43. 43

    Berner, R. A. & Caldeira, K. The need for mass balance and feedback in the geochemical carbon cycle. Geology 25, 955–956 (1997).

  44. 44

    Hayes, J. M. & Waldbauer, J. R. The carbon cycle and associated redox processes through time. Phil. Trans. R. Soc. B 361, 931–950 (2006).

  45. 45

    Lee, C.-T. A. et al. Continental arc-island arc fluctuations, growth of crustal carbonates and long-term climate change. Geosphere 9, 21–36 (2013).

  46. 46

    Holland, H. D. Why the atmosphere became oxygenated. Geochim. Cosmochim. Acta 73, 5241–5255 (2009).

  47. 47

    Lee, C.-T. A. & Lackey, J. S. Global continental arc flare-ups and their relation to long-term greenhouse conditions. Elements 11, 125–130 (2015).

  48. 48

    Hanson, R. B. & Barton, M. D. Thermal development of low-pressure metamorphic belts: results from two-dimensional numerical models. J. Geophys. Res. 94, 10363–10377 (1989).

  49. 49

    Holland, H. D. The Chemistry of the Atmosphere and Oceans Vol. 351 (John Wiley, 1978).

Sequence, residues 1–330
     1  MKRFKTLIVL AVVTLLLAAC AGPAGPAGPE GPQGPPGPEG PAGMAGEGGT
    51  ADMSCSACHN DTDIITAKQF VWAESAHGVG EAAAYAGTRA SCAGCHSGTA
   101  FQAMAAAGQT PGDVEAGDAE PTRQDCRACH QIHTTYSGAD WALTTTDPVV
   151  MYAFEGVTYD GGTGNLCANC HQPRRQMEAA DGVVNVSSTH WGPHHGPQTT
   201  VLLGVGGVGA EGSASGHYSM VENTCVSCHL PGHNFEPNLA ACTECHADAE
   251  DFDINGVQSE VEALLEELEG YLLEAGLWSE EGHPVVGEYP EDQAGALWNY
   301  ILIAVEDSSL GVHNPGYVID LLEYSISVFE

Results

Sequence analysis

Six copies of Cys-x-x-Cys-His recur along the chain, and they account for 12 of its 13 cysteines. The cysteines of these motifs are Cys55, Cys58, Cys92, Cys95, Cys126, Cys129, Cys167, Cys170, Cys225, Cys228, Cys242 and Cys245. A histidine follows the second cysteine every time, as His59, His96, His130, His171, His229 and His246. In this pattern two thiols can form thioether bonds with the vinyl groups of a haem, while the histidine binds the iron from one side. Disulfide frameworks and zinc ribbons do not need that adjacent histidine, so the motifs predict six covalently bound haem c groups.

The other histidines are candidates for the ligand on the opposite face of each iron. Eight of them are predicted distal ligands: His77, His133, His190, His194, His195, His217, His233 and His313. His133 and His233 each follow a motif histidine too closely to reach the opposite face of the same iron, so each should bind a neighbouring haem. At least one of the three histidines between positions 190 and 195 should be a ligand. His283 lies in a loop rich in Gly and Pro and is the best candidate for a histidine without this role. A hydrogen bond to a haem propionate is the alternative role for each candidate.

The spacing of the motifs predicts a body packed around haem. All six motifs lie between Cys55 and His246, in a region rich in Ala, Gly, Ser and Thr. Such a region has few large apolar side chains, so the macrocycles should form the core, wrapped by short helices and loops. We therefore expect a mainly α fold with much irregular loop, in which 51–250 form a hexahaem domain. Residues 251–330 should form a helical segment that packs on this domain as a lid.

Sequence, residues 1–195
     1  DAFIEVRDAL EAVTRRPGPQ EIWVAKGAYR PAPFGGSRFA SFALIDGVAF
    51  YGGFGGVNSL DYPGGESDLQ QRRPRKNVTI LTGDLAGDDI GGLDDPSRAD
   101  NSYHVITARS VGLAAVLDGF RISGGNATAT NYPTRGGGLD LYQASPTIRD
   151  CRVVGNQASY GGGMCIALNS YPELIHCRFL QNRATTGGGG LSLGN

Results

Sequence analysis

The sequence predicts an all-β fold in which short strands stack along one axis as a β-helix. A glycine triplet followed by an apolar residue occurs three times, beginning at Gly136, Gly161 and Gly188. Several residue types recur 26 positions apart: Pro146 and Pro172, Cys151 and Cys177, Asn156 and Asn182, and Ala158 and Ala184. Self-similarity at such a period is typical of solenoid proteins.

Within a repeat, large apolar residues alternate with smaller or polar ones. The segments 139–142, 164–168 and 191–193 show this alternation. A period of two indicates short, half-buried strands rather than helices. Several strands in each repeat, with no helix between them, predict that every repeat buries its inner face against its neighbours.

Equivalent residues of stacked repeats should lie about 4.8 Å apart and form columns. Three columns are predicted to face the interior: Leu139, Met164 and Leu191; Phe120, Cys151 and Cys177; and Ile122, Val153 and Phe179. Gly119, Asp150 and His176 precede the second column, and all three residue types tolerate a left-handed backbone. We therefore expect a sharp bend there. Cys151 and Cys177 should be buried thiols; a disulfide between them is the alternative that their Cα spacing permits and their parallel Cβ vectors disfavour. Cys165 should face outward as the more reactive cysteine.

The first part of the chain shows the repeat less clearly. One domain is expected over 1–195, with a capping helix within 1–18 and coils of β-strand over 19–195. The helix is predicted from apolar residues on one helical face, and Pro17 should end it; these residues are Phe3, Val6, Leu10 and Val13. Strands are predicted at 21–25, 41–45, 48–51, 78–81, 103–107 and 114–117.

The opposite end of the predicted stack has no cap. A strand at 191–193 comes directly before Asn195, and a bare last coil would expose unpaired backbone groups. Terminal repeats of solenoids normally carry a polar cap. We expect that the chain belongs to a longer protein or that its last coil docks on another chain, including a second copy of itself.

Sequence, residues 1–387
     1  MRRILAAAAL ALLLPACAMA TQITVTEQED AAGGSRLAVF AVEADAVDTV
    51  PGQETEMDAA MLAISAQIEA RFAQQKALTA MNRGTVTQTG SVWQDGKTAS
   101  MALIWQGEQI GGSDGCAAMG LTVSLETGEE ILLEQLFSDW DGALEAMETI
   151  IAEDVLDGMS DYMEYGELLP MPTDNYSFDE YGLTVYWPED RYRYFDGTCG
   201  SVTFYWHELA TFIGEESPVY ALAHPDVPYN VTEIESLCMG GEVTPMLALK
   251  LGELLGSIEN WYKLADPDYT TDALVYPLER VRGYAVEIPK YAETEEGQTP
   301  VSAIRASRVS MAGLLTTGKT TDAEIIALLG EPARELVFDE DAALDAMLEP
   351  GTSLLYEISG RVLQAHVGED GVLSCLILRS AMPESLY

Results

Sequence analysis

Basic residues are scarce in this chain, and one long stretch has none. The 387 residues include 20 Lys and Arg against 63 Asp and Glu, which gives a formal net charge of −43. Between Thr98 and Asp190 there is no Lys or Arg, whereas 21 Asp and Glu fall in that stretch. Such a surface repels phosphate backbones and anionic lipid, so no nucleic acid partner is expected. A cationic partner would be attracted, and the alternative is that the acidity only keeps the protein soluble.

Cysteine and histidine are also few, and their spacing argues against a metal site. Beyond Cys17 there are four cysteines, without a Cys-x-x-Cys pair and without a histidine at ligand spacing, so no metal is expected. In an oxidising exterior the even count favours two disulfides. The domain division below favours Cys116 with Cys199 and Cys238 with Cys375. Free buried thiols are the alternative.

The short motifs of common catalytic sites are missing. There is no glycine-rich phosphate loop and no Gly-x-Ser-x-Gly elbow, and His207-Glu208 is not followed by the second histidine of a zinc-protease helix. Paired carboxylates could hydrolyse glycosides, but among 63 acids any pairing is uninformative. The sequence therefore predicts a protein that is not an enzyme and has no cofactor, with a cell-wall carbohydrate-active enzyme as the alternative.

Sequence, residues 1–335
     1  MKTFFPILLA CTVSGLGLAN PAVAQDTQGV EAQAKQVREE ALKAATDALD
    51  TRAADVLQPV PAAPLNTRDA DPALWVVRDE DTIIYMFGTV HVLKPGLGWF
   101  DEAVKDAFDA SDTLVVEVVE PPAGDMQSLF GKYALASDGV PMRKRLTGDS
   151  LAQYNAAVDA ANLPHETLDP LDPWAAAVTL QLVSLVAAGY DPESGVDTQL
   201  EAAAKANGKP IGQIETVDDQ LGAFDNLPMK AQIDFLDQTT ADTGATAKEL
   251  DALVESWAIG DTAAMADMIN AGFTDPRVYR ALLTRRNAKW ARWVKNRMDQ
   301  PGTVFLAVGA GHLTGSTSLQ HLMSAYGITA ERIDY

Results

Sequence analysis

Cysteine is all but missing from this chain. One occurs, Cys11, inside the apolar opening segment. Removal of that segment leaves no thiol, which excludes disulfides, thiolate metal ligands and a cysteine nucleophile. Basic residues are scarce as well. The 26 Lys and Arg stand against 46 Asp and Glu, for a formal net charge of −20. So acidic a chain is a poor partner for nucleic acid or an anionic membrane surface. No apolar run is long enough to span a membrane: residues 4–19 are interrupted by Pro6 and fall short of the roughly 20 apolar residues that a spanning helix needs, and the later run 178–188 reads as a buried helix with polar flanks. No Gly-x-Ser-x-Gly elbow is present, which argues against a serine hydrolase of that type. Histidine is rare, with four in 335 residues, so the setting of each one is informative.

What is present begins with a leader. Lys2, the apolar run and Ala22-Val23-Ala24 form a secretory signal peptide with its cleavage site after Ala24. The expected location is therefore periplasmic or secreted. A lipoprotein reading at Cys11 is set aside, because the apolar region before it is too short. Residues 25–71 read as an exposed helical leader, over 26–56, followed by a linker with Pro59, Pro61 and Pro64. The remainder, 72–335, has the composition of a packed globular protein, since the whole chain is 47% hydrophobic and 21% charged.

50. 50

    Kump, L. R. & Arthur, M. A. Interpreting carbon-isotope excursions: carbonates and organic matter. Chem. Geol. 161, 181–198 (1999).

  51. 51

    Krissansen-Totton, J., Buick, R. & Catling, D. C. A statistical analysis of the carbon isotope record from the Archean to Phanerozoic and implications for the rise of oxygen. Am. J. Sci. 315, 275–316 (2015).

  52. 52

    Kasting, J. F. Theoretical constraints on oxygen and carbon dioxide concentrations in the Precambrian atmosphere. Precambrian Res. 34, 205–229 (1987).

  53. 53

    Sagan, C. & Mullen, G. Earth and Mars: evolution of atmospheres and surface temperatures. Science 177, 52–56 (1972).

  54. 54

    Taijika, E. Faint young Sun and the carbon cycle: implication for the Proterozoic global glaciations. Earth Planet. Sci. Lett. 214, 443–453 (2003).

  55. 55

    Kah, L. C. & Riding, R. Mesoproterozoic carbon dioxide levels inferred from calcified cyanobacteria. Geology 35, 799–802 (2007).

  56. 56

    Sheldon, N. D. Precambrian paleosols and atmospheric CO2 levels. Precambrian Res. 147, 148–155 (2006).

  57. 57